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Life insurance FAQs

Life insurance can seem confusing, so we’ve addressed some of the big FAQs to help you choose the insurance policy that's right for you.

Frequently asked questions about life insurance.

There are many uncertainties in life – something the COVID-19 pandemic has brought home to us. But life insurance can help remove the financial burden in the event something unfortunate happens to you or your loved ones.

Life insurance is a product designed to provide you and your loved ones with a lump sum amount in the event you are diagnosed with a terminal illness or you die. It’s also known as term life insurance or death cover. Other types of life insurance – such as income protection, trauma, and total and permanent disability (TPD) – also come under the life insurance cover umbrella but they cover different types of events.

Unfortunately, we never know what’s around the corner and if you are the main financial provider, it can be reassuring to know that your family will be well taken care of if you die and have life insurance. We don’t always have adequate savings to cover important things like a mortgage or the kids' school fees for months or years, so holding a life insurance policy provides you with this peace of mind. Most people nominate their spouses or children as the beneficiaries in their life insurance policy but you can also choose your parents, business partners, siblings or your estate.

If you have financial dependents, a mortgage to pay off or debts to clear, holding a life insurance policy can be a worthwhile part of your financial protection plans. You may think you’re too young for life insurance or that life insurance costs too much, but when you think about the real cost of not having it, you may find it’s something you don’t want to do without.

This depends on your personal circumstances and what stage of life you’re at. A general rule of thumb is to have enough insurance to ensure your loved ones can maintain their same standard of living if you pass away. When calculating the amount, consider what you already have with regard to super, savings, and assets such as shares. Then calculate what your family needs in terms of covering the mortgage or any other loans, school fees and general living expenses.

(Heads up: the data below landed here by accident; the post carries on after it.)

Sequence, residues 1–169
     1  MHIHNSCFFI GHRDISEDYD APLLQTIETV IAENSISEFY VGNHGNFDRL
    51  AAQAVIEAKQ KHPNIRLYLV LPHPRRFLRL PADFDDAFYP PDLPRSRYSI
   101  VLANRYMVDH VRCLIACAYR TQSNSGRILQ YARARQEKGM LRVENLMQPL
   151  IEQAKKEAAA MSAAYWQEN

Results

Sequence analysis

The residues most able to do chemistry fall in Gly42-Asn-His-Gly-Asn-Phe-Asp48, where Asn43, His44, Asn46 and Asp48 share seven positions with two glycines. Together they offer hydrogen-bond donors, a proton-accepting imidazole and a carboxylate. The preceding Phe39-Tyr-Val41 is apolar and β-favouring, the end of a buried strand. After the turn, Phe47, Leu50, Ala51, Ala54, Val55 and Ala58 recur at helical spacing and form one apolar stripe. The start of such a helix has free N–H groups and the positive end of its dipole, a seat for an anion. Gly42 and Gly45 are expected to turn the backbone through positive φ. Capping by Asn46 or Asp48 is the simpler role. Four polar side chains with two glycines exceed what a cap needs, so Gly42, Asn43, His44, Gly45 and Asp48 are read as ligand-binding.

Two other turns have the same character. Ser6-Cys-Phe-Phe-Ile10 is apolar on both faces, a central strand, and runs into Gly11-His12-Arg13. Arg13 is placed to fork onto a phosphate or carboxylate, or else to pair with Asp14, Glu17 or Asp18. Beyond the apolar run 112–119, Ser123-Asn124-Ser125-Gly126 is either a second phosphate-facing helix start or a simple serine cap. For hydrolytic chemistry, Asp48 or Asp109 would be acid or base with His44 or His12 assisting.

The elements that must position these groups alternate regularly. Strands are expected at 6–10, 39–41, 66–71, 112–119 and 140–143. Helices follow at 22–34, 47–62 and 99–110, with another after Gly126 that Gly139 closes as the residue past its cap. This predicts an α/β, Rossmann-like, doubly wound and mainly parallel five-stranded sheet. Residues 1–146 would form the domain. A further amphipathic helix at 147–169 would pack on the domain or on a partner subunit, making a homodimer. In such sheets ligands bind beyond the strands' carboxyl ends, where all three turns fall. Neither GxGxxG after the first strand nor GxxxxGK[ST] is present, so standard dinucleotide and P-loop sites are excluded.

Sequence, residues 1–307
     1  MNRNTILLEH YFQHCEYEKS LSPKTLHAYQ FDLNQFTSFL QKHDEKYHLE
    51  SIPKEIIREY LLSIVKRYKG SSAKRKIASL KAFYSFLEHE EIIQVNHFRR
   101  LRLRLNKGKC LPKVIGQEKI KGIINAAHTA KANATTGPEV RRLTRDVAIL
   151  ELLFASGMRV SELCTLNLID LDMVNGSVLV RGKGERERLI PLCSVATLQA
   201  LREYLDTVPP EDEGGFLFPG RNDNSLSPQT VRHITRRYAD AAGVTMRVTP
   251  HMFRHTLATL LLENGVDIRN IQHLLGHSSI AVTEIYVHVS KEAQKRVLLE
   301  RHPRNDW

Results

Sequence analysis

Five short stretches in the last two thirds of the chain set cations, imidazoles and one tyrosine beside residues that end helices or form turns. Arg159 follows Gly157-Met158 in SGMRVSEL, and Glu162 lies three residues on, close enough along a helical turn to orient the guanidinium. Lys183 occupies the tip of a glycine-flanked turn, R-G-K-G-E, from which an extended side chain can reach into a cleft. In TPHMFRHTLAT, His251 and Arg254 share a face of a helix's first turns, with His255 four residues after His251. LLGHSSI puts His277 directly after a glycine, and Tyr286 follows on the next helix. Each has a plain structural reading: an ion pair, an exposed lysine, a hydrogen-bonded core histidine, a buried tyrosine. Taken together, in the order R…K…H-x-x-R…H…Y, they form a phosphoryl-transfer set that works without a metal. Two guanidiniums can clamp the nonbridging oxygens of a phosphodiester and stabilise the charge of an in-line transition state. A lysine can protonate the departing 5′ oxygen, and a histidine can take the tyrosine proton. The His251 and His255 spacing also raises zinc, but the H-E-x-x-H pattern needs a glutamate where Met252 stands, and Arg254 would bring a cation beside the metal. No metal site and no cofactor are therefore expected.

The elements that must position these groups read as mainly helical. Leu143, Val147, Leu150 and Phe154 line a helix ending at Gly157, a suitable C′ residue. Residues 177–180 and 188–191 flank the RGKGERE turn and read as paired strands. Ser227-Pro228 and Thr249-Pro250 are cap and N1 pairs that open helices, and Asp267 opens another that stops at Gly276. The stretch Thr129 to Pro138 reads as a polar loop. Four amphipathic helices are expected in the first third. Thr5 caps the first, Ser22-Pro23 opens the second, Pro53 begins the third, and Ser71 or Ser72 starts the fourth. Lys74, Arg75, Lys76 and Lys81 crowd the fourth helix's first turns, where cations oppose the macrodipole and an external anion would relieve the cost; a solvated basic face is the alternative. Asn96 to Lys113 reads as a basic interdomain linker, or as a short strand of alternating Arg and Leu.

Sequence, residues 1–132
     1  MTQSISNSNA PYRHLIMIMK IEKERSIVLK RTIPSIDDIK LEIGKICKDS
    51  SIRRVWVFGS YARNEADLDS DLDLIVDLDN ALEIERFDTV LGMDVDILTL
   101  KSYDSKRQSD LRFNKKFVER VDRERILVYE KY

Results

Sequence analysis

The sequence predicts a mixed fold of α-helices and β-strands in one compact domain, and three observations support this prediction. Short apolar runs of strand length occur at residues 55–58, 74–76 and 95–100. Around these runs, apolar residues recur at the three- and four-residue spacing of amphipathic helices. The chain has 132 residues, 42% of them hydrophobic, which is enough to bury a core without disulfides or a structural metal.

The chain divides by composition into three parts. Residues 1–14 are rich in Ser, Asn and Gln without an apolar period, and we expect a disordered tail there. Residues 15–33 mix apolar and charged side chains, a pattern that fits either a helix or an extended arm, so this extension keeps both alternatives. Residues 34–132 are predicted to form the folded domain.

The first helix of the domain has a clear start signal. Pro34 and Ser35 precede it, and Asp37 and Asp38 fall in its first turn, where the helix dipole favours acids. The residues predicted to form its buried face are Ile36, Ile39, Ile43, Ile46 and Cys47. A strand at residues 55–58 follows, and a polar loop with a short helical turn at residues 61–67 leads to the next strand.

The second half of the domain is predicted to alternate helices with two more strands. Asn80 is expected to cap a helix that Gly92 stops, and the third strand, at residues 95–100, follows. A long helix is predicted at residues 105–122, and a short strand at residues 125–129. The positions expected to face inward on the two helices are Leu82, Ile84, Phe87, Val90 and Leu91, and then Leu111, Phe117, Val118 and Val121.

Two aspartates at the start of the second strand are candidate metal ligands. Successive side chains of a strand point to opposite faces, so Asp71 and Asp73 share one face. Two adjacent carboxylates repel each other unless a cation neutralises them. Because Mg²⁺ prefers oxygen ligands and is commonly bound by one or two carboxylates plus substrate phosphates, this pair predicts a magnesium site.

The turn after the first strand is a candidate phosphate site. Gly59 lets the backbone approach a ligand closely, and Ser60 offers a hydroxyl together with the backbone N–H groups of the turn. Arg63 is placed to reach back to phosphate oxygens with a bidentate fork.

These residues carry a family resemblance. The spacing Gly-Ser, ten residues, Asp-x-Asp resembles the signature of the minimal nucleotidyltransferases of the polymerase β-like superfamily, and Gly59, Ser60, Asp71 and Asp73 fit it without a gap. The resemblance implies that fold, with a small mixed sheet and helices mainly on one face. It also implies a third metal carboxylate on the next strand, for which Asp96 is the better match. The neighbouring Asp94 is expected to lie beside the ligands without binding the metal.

Unfortunately, research by Rice Warner found there is a severe underinsurance gap where, in many cases, a person’s life cover was too low to meet their family’s basic needs. There are many online insurance calculators that can help determine how much you need, such as this one on MoneySmart’s website.

Your insurer will generally determine how much cover you can take out, which is based on a number of factors such as your age, income and occupation. The usual minimum amount is $100,000 although there are some that will provide cover from $50,000, and up to $1.5 million in cover depending on the provider.

The cost of life insurance in Australia is determined by your health, whether you’re a smoker, age, occupation, and the amount of cover you want. Usually life cover costs more for men. One way you can reduce your premiums is to quit smoking. Also, if you no longer have children as dependants, you may not need the amount of life cover you initially took out. If you feel you are paying too much, you should consider shopping around to see if you can get a better deal.

COVID-19 has certainly focused attention on our finances. Not only are we more aware of needing emergency money for rainy days, but we want to know if our insurance will protect us from events such as a pandemic. Generally, life insurance does cover you for COVID-19 as long as you are outside the qualifying and waiting periods that are set out in your policy and meet certain conditions.

Yes. Many insurers may be able to fast-track a proportion of your life insurance cover within a few days of receiving evidence of your death, such as a death certificate. This can help pay for a funeral or associated expenses while your overall claim is being assessed.

Most life insurance policies include terminal illness cover and will provide you with an early payment if you have been diagnosed with a terminal illness and are not expected to live for more than 12-24 months. Some insurers will pay out your entire life cover while others will have a limit. To claim, you will need to provide your insurer with copies of relevant medical and test reports.